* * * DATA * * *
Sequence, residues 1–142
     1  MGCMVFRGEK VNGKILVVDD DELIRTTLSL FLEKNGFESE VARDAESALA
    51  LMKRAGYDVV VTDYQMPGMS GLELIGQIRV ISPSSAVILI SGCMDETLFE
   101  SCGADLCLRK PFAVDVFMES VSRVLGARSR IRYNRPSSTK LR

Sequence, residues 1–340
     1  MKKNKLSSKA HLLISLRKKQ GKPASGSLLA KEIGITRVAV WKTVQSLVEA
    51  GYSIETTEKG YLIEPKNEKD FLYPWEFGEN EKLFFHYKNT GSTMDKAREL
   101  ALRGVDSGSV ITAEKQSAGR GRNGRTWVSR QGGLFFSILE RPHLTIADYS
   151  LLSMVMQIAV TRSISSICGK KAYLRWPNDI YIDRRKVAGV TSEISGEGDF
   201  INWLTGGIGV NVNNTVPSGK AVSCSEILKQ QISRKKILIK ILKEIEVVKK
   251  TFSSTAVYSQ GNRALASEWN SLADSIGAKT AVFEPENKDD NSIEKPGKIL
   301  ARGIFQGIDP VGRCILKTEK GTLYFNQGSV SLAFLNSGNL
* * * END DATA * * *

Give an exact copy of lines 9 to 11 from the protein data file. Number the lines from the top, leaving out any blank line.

   151  LLSMVMQIAV TRSISSICGK KAYLRWPNDI YIDRRKVAGV TSEISGEGDF
   201  INWLTGGIGV NVNNTVPSGK AVSCSEILKQ QISRKKILIK ILKEIEVVKK
   251  TFSSTAVYSQ GNRALASEWN SLADSIGAKT AVFEPENKDD NSIEKPGKIL